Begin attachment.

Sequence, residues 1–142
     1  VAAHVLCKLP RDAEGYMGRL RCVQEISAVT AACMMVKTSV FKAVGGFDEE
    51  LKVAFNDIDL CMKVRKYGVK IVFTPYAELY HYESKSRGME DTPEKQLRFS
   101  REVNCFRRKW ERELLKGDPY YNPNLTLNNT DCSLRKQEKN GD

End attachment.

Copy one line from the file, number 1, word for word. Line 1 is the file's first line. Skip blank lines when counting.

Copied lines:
Sequence, residues 1–142